A seven-ton satellite is expected to re-enter earth’s atmosphere late this month or in early October.

The Upper Atmosphere Research Satellite (UARS) might come down after almost six years, after the end of its productive scientific life.

However, there are minimal chances of it causing any significant damage to the life and property.

According to a report by the National Aeronautics and Space Administration (NASA), “the spacecraft will break into pieces during re-entry, not all of it will burn up in the atmosphere.”

The remaining components and the debris will land within a zone between 57 degrees north latitude. NASA estimates the debris footprint to be about 500 miles long.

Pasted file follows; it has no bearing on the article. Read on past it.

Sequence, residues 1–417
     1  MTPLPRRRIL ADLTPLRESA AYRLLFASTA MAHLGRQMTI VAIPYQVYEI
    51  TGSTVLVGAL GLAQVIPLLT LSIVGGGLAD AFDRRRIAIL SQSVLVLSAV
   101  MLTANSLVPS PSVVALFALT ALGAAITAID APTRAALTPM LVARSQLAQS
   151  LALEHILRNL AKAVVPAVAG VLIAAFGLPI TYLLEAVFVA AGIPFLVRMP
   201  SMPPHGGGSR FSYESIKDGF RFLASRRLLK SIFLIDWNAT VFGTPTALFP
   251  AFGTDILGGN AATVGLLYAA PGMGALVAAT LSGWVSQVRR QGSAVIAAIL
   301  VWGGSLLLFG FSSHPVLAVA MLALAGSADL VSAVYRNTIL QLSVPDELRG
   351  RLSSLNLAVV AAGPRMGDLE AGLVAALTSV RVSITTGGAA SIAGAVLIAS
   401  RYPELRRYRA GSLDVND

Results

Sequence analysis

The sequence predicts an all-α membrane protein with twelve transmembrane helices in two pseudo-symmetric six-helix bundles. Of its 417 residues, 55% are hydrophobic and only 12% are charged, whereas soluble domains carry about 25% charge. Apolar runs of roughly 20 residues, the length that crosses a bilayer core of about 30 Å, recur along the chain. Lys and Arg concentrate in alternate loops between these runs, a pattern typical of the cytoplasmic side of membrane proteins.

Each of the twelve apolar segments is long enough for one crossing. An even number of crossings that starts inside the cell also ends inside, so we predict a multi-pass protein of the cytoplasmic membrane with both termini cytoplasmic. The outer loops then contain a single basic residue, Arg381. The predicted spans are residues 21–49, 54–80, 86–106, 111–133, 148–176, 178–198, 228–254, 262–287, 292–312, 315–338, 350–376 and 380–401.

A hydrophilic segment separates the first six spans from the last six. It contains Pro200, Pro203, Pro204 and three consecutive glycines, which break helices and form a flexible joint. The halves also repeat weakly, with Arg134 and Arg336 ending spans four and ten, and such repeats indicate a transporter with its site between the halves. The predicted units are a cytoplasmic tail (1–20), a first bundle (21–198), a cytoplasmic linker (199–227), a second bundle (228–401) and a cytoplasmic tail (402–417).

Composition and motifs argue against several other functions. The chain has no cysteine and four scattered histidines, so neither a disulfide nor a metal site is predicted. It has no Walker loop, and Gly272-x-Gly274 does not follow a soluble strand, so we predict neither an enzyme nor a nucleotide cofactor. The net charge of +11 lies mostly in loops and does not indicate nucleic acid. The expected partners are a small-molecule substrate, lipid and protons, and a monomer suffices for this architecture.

The report says that until Sep. 7, 2011, the orbit was 155 miles by 174 miles with an inclination of 57 degrees to the equator.

NASA says, “Safety is our top priority,” and there is very little possibility of any damage on the earth.

However, it is too early to say exactly when UARS will re-enter and what geographic area on earth could be affected.

The actual date is difficult to predict because it depends on solar flux, and the spacecraft’s orientation as its orbit decays.

NASA assures that it will update with the latest developments, within the reasonable time before UARS’ anticipated entry.